China’s dependence on burning coal to meet its soaring energy demands has grown even more, with a new report saying that the country now accounts for nearly half of global coal consumption, meaning that the dense air pollution lingering over Chinese cities will likely only get worse.
The U.S. Energy Information Administration (EIA) said on Tuesday that China’s consumption of coal grew 9 percent in 2011, continuing an upward trend for the 12th consecutive year. In 2011, China’s coal use grew by some 325 million tons, representing 87 percent of the total increase that year.
“Of the 2.9 billion tons of global coal demand growth since 2000, China accounted for 2.3 billion tons,” or 82 percent, the EIA said, adding that now, China “accounts for 47 percent of global coal consumption—almost as much as the entire rest of the world combined.”
China overtook the United States as the world’s leading energy user in 2011, but unlike the U.S., its main source of energy is coal.
China’s coal industry has been criticized recently after much of the country, including Beijing, was blanketed by a dense haze of smog that triggered a public backlash and led to many more Chinese donning breathing masks. The smog was so bad in Beijing that the authorities were forced to issue an unprecedented “orange fog warning.”
Some of the backlash focused on the Chinese Academy of Meteorological Science, with some bloggers calling for the sacking of certain officials in the agency.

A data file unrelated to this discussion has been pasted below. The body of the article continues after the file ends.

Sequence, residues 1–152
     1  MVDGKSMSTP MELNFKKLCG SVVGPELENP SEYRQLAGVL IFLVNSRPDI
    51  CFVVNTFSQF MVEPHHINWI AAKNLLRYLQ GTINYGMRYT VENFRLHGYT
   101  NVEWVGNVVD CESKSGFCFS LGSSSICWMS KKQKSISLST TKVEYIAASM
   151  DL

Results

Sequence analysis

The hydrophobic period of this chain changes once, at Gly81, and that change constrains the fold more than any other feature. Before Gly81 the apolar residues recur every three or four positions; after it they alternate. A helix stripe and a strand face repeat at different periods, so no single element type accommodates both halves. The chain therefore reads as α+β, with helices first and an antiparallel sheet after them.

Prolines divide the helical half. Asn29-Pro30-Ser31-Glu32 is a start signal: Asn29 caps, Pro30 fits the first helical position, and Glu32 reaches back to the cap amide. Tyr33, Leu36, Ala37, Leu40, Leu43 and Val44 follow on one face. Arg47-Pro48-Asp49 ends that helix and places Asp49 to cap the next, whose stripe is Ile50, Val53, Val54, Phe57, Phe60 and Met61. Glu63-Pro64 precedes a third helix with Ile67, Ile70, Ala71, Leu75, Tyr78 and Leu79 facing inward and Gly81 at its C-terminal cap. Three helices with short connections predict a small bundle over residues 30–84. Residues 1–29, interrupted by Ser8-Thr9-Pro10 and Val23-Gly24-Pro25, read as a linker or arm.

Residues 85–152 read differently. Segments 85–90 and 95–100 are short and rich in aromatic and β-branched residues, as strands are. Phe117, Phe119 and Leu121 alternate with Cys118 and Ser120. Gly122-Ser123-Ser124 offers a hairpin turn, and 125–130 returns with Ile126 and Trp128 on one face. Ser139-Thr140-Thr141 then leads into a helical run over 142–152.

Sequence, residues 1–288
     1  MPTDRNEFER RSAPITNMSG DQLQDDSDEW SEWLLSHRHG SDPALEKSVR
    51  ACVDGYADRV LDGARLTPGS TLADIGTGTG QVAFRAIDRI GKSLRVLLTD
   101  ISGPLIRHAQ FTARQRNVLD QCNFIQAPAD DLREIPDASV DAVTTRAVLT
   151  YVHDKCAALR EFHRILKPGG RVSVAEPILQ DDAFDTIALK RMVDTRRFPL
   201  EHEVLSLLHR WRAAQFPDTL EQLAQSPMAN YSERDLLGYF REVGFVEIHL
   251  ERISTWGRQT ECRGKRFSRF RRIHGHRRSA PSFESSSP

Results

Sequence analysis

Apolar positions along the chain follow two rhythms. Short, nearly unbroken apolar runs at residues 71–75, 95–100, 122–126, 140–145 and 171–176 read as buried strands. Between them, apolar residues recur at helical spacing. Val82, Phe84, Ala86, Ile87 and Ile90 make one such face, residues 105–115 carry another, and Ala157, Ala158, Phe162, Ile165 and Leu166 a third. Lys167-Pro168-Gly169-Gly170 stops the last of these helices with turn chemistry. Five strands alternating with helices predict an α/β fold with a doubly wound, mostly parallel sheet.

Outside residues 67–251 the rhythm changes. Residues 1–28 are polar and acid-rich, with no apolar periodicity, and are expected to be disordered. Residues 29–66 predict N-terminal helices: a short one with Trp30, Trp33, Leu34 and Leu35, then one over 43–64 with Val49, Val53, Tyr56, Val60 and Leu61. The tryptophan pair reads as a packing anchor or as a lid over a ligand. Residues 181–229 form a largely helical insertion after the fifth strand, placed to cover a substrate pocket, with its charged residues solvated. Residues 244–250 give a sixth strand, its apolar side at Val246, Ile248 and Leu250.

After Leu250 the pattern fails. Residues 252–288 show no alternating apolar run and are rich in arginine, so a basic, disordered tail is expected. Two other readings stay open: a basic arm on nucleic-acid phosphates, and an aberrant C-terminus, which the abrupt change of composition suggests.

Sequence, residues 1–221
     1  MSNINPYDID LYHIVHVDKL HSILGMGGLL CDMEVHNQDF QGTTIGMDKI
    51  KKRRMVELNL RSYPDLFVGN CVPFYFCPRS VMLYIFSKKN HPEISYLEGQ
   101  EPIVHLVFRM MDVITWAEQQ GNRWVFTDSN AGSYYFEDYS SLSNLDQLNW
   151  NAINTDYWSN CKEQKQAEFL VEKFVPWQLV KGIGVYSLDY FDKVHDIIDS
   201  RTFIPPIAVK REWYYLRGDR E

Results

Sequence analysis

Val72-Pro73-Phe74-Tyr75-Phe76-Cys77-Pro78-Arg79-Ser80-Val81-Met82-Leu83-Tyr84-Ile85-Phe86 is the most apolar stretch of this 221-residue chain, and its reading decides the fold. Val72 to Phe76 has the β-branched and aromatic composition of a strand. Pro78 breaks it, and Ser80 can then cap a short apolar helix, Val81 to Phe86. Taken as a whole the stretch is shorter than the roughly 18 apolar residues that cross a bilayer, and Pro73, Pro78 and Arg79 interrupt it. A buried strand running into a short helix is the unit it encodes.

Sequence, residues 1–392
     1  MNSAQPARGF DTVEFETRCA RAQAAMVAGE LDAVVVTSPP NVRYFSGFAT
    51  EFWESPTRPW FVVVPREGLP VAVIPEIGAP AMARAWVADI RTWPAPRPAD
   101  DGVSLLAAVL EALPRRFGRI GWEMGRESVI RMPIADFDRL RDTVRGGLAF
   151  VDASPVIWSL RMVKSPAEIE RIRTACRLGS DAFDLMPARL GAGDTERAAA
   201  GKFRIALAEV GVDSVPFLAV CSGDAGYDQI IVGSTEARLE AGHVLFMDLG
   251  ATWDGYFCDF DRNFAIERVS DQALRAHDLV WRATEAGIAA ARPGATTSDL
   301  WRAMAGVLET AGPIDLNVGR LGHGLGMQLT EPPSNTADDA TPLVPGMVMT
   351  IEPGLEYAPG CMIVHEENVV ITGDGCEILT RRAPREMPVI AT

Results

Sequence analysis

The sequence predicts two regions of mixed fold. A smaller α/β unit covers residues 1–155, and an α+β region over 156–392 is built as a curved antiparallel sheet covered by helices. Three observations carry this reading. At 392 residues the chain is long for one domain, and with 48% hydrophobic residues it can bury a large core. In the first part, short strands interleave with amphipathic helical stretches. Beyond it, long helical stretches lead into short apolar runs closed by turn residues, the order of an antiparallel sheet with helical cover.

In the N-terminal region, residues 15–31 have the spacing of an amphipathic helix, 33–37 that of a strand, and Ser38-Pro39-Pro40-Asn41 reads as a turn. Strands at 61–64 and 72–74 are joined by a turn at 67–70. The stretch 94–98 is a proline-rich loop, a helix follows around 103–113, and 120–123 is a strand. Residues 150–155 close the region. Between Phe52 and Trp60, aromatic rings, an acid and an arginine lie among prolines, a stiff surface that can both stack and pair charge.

Even though seven of the top ten cities in the world with the worst air pollution are in China, it doesn’t appear that China will stop its dependence on burning coal anytime soon. Just over a week ago, environmental group Greenpeace released a report saying that China will produce 625 metric tons of coal by 2015 and will generate another 1,400 million metric tons of carbon dioxide per year.
“Coal burned to produce electricity already pumps more [carbon dioxide] into the atmosphere than any other source of conventional power,” Greenpeace said.
In November, research suggests that out of the 1,200 new coal power plants, 363 would be located in China, according to the World Resources Institute.
The EIA said in September that “economic growth” is what continues to spur China’s demand for energy. Aside from coal, China is the world’s second-largest consumer of oil (after the U.S.) and the fourth-largest consumer of natural gas in 2011. Nuclear power only accounted for 2 percent of total electricity generation.
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